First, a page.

It’s not just me. It does seem there has been a lot of talk recently about women in philosophy: their absence, why they leave philosophy so early, the sexism and sexual harassment they face, and whether philosophy seems to do worse in this regard than other disciplines in the humanities or even science. (To jump into this debate, you could do worse than chase down some of the links available here through the excellent New APPS blog: discussions on the under-representation of women in edited volumes, conferences, the McGinn affair, for instance.)
I consider myself to have already made a contribution to this debate by my positing the Dickhead Theory as a possible explanation for the lack of women in philosophy. To wit, academic philosophy is overpopulated by male blowhards who seem to conceive of it as a contact sport and engage in public displays of obnoxious behavior at academic fora. Today, I want to embellish that claim just a bit in response to some of the discussion that was sparked by Rebecca Kukla’s suggestion that the adversarial nature of philosophy was something women could and should be able to handle:
I think that the whole idea that women are put off by or unsuited to the aggressive, argumentative style of philosophy is crap.
This has sparked a fairly extensive discussion so I’m definitely coming to this late, and possibly with very little, but let me press on regardless, mainly by way of anecdote. (A far more theoretically informed discussion can be found on the New APPS blog here and here. I broadly agree with Jennifer Saul that whether or not the aggressive style is something that women are comfortable with, its bad for philosophy, and with Eric Schliesser that modes of argumentation can be productive without being aggressive and that even if philosophy was adversarial in the past doesn’t mean it has to be now.)
So: the best and most useful and productive philosophy discussions I have participated in have not taken place at public fora like conferences or colloquia. They have taken place in private settings: a beer in a bar or at someone’s home, a discussion over a coffee somewhere. They have been intense in the best sense of the word: lots of ideas exchanged, arguments traded back and forth, positions questioned and examined extensively. The contrast with the ‘public’ discussion of philosophy could not be more acute. There, the aforementioned Dickhead Theory finds ample confirmation.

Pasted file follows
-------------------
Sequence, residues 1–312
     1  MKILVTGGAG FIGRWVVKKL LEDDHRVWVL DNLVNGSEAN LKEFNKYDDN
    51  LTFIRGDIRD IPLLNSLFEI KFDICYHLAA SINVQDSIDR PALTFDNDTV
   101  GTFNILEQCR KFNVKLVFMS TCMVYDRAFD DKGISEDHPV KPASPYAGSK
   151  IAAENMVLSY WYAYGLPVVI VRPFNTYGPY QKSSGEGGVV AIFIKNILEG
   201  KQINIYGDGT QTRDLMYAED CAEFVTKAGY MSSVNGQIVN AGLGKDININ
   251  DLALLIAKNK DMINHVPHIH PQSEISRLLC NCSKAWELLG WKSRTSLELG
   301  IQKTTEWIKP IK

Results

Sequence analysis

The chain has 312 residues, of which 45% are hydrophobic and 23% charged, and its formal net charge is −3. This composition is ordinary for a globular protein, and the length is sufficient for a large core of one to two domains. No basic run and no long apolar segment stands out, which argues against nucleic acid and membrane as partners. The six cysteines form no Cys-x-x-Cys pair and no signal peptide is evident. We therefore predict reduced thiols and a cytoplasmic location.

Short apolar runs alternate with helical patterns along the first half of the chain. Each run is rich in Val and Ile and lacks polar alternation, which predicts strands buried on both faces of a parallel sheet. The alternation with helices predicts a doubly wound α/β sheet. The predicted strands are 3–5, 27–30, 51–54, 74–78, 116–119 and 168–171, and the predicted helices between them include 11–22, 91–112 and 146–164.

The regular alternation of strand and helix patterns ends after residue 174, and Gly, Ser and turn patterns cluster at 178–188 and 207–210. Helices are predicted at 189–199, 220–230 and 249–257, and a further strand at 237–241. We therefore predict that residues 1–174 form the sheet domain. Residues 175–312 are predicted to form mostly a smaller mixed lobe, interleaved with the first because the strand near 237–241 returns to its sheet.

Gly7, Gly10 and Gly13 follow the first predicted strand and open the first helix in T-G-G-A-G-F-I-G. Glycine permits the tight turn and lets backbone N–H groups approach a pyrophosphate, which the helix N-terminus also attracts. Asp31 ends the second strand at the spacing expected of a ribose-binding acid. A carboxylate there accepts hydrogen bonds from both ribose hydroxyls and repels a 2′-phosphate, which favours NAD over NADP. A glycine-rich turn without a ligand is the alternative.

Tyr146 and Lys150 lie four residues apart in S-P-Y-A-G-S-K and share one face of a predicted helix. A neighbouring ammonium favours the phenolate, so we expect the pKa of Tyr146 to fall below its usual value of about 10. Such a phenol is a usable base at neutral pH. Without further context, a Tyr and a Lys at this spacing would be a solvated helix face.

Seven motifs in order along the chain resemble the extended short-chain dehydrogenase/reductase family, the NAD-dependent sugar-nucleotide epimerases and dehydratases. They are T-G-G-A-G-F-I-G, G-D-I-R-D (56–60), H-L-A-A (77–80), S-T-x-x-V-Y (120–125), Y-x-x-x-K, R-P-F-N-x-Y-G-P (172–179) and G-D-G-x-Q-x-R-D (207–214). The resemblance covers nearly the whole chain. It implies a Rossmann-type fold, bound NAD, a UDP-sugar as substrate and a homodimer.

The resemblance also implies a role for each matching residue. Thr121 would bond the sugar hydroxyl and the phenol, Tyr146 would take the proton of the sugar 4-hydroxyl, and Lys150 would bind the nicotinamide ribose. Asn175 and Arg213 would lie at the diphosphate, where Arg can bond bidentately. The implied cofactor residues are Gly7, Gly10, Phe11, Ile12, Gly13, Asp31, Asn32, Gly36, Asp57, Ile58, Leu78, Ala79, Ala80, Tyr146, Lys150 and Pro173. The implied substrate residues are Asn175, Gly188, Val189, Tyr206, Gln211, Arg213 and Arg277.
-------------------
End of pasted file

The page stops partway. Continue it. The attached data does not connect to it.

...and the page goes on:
The reasons for this, I think, are quite simple: philosophy as a discipline seems to set great store by performances in its public arenas: the forums, the conferences, the workshops, the colloquia. Here is where, apparently, you ‘make an impression’, where you posture. Its graduate students are highly insecure, worried about jobs and placement. They go to these venues hoping to make a visible impression; they have already received some instruction on how to perform from their ‘heroes’: the tenured (male) bigwigs who will write their letters of recommendation (and who once were graduate students just like them). The peacock effect in these settings then manifests itself in the visible display of coarsely demonstrated philosophical nous.
Take a discipline racked by deep insecurity about its worth compared to science, which finds its most pleasing self-image in imagining itself continuous with the natural sciences and aspires to their ‘hardness’, throw in a largely male population, add a desperate job market, a culture of uncritical hero worship of its luminaries, mix in a sphere of ostensible academic interaction used instead for preening and strutting and the academic equivalent of mating, and you have, I think, the makings of a domain, which will continue to remain hostile to women.
6 thoughts on “On The Lack of Women in Philosophy, Contd.”
As a former wannabe-philosopher, I’d have to say that this section of Kukla’s interview is more resonant than any idea that combativeness is off-putting to women in particular:
“Second, I think that women – along with those from less privileged backgrounds – are more likely to have complicated familial responsibilities that make philosophy appear too risky of a career path. It takes quite a bit of privilege and autonomy to be able to spend your twenties making a near-poverty-level salary, knowing that at the end of it you will likely have to move several times to whatever random locations the job market points you to, with the odds of a permanent job at the end of all that remaining quite low.”